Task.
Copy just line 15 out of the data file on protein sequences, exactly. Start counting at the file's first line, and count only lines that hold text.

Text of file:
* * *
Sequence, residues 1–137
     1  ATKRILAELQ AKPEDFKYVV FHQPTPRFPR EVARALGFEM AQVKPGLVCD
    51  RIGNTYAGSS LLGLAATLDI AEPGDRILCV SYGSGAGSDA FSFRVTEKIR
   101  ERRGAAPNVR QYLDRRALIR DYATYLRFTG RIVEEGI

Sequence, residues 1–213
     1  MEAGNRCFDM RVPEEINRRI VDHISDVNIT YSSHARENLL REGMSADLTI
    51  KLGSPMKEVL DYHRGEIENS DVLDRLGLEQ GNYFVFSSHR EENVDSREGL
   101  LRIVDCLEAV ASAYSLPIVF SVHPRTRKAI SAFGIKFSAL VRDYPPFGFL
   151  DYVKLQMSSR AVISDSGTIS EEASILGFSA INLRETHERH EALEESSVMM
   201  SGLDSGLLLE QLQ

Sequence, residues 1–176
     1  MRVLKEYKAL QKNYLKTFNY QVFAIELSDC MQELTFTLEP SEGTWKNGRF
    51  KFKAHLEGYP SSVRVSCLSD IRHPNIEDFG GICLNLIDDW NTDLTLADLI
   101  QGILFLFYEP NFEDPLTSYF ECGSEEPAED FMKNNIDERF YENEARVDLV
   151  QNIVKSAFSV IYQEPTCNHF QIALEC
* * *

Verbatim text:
   151  QNIVKSAFSV IYQEPTCNHF QIALEC